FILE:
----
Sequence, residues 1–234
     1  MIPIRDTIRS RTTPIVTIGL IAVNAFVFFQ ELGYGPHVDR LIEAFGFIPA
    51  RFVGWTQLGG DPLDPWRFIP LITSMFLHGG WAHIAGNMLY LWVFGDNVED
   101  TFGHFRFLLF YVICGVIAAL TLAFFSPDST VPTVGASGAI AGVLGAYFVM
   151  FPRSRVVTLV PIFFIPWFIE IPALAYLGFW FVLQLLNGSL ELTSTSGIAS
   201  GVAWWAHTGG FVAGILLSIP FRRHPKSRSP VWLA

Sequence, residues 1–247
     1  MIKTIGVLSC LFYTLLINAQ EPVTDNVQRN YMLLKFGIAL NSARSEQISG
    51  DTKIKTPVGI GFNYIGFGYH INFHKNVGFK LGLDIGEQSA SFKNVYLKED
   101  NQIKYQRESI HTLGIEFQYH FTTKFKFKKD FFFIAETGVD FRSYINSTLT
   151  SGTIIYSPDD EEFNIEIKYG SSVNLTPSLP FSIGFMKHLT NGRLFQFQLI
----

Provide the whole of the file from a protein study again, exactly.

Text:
Sequence, residues 1–234
     1  MIPIRDTIRS RTTPIVTIGL IAVNAFVFFQ ELGYGPHVDR LIEAFGFIPA
    51  RFVGWTQLGG DPLDPWRFIP LITSMFLHGG WAHIAGNMLY LWVFGDNVED
   101  TFGHFRFLLF YVICGVIAAL TLAFFSPDST VPTVGASGAI AGVLGAYFVM
   151  FPRSRVVTLV PIFFIPWFIE IPALAYLGFW FVLQLLNGSL ELTSTSGIAS
   201  GVAWWAHTGG FVAGILLSIP FRRHPKSRSP VWLA

Sequence, residues 1–247
     1  MIKTIGVLSC LFYTLLINAQ EPVTDNVQRN YMLLKFGIAL NSARSEQISG
    51  DTKIKTPVGI GFNYIGFGYH INFHKNVGFK LGLDIGEQSA SFKNVYLKED
   101  NQIKYQRESI HTLGIEFQYH FTTKFKFKKD FFFIAETGVD FRSYINSTLT
   151  SGTIIYSPDD EEFNIEIKYG SSVNLTPSLP FSIGFMKHLT NGRLFQFQLI